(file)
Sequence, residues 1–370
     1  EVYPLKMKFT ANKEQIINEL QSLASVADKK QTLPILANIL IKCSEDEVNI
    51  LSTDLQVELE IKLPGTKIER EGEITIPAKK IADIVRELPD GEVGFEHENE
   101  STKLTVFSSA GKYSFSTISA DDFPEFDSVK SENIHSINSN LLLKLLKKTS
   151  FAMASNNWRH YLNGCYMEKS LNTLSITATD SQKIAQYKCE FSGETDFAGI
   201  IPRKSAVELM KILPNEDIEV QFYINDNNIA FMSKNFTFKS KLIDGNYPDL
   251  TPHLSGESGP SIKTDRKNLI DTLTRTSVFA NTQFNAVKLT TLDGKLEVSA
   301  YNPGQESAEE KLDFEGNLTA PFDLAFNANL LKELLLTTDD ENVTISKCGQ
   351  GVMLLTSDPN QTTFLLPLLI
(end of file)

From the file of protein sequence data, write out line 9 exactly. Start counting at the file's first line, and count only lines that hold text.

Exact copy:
   351  GVMLLTSDPN QTTFLLPLLI